It is perfectly normal for a print from a sublimation printer to look different to the image on your computer screen.
This is because sublimation inks change colour during the sublimation heat pressing process.
As sublimation ink reacts when it is heated the ink will physically change colour.
The end result becomes brighter and more vibrant than the image printed on the sublimation paper.
It is always advisable to heat press the image on to a product to see the final result.
Below we have a produced a sublimation print on to an aluminium sheet using our Subli-Style LITE sublimation paper, Inktec Sublinova inks and Epson Ecotank ET2711 printer to demonstrate how the colours change between
- Onscreen image – how the image looks on your computer screen; and how we would hope it to look on the final product.
- Print produced by the printer – how the image looks after being printed on to sublimation paper.
- Finished transfer on the metal sheet (or other substrate) – how the final image looks after being heat pressed.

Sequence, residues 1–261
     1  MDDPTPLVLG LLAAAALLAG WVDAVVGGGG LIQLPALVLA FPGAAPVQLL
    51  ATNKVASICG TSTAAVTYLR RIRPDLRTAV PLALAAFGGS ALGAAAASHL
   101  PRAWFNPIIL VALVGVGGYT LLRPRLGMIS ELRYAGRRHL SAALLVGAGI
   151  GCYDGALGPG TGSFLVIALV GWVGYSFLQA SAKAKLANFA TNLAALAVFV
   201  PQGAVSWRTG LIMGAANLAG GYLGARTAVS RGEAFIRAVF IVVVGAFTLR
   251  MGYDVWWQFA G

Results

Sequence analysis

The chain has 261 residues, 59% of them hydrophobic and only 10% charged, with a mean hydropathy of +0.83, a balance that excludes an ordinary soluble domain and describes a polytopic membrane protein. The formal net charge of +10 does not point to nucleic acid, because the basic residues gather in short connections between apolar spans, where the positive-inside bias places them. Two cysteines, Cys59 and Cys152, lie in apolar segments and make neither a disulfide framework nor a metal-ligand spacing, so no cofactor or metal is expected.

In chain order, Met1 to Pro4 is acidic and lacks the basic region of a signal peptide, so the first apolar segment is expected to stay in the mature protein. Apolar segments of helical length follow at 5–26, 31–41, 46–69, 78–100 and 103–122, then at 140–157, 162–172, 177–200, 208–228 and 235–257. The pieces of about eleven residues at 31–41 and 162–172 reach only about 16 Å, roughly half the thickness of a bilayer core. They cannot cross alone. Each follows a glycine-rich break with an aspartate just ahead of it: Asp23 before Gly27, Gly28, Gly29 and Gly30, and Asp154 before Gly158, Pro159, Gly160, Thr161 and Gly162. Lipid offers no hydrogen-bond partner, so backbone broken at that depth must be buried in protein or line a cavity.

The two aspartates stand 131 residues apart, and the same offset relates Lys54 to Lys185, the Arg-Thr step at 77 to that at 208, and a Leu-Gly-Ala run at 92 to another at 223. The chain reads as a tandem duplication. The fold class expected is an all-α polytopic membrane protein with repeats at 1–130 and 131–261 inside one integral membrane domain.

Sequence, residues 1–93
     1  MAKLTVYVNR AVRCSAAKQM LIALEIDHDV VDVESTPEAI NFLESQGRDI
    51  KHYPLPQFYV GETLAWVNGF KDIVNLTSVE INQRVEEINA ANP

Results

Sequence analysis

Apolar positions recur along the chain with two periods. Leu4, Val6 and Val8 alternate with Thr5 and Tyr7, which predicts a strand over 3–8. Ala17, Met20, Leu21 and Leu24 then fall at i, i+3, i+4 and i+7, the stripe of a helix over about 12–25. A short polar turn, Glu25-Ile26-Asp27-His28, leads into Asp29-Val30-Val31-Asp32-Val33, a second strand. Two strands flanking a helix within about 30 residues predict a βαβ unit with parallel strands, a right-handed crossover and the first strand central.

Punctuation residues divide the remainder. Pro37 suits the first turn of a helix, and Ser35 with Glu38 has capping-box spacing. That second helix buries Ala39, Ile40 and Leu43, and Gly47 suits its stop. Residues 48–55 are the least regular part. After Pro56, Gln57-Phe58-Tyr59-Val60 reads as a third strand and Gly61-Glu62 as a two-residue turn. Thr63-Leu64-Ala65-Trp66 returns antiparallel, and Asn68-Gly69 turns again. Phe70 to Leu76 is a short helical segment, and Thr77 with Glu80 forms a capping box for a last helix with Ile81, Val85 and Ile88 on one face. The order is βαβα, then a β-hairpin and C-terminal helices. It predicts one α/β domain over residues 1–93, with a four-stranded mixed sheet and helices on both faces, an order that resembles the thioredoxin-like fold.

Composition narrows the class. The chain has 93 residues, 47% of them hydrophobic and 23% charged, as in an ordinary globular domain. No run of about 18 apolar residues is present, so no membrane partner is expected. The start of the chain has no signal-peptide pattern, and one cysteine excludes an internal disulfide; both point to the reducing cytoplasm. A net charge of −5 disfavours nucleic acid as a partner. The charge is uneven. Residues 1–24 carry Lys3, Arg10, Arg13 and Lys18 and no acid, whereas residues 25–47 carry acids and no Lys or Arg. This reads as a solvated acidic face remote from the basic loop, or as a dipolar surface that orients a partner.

Print on sublimation paper – BEFORE heat pressing:
Preparing and Heat Pressing sublimation print:
Print on final product – AFTER heat pressing:
As mentioned above the printed image on sublimation paper (before being heat pressed) will in most cases look ‘wrong’ this is nothing to panic about. It is completely normal for the ink on paper before heat pressing to look incorrect.
- Generally prints on sublimation paper appear more pale / washed out than onscreen image
- Red colours will not appear paler – more orange
- Grey colours will appear to have a purple cast
- Teal / aqua colours will appear a light sky blue colour
- Blue colours will appear darker – almost purple
Each image will differ depending on the colours it is created from but the above is an overview of what you can expect the sublimation print on paper to look like before heat pressing.
When the sublimation print is heat pressed on to the product or substrate a chemical reaction takes place (sublimation process) this reaction creates a change in the ink as it changes from a solid to a gas. During this reactive change the ink will shift in colour to become correct and match the onscreen image closely.